Honoring a family legacy by giving back

Deborah Rotman '93

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A black and white image of a man (Eugene Tenbrink) in a cowboy hat is placed next to a headshot of a woman (Deborah Rotman) smiling

At right is Deborah Rotman '93, Eugene Tenbrink is at left.

For Deb Rotman ’93, making the decision to attend Grand Valley State University was an easy choice. Her great-grandfather was one of the founding members of the university and her father continued the tradition, working on campus during its early years. Through her family’s involvement, Deb felt a connection to Grand Valley long before she was a student.

With the encouragement of her professors and the variety of classes she took at Grand Valley, Rotman developed a love of history and archeology that molded her professional life.

In honor of her great-grandfather and in gratitude for the education she received at Grand Valley, Rotman established the Eugene J. TenBrink Scholarship to assist other first-generation students. Rotman said she gives back to students to allow them to create their own legacy and positive impact, both on their community and the world.

Can you tell us more about your professional journey and what you enjoy about your current position?

I have been in various non-profit leadership roles for more than 20 years. My current position is director of operations for Hacks/Hackers, a collection of journalists and technologists who are building tools to help readers discern the credibility of the media they consume. I enjoy being part of meaningful work that contributes to the health of our democracy.

Your job involves a lot of travel. What do you enjoy most about traveling for work?

I enjoy the encounters with other histories and cultures that travel allows. Learning through travel puts my own life experiences in the context of our shared humanity. There is a great big world out there and I am determined to see as much of it as I can. My most recent trip was an African safari.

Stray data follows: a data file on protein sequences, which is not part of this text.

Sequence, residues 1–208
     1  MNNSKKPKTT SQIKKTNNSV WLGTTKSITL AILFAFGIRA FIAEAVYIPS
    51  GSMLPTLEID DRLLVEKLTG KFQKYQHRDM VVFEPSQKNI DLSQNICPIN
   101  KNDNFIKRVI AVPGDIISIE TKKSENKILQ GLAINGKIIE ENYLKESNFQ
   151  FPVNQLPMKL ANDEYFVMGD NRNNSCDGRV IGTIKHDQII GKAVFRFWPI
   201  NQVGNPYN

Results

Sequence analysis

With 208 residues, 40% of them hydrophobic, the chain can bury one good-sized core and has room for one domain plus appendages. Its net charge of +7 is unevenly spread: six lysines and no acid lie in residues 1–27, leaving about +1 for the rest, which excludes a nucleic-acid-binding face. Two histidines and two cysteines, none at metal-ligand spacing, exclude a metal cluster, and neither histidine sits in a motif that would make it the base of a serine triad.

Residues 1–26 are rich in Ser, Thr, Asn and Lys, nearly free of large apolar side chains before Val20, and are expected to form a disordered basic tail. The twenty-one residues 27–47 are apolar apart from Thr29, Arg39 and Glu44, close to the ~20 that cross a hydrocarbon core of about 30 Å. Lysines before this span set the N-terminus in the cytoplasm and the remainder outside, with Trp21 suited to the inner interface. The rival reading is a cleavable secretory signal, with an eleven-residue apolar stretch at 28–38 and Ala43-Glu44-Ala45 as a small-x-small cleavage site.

Can you share about your experience as a Fulbright US Scholar?

I went to Ireland for the year. I was hosted by the Galway-Mayo Institute of Technology as a Fulbright U.S. Scholar during the 2015-2016 academic year. During my grant period, I studied the landed estates of northwest County Mayo (in Western Ireland). Knowledge gained about these rural settlements is important to understanding domestic life not only in Ireland, but also the cultural traditions, beliefs and practices that traversed the ocean with people immigrating to the United States.

Why did you choose to attend Grand Valley?

I have many family connections to GVSU. My paternal great-grandfather, Eugene TenBrink, was instrumental in securing the location for the university in the 1960s. My dad, Jim Rotman, was the director of the physical plant (1965-1975). So attending Grand Valley was an easy choice. Many other family members are also alumni, including my sister, cousins and aunts. My niece is a current student. GVSU has a lot to offer.

A man sits on the ground, an archeological dig is squared off. He is looking at a book. A woman is sitting next to him on the ground is making notes on a piece of paper.

Deborah Rotman ’93 is pictured on archaeological dig with father, Jim Rotman. Jim was the director of Grand Valley's physical plant.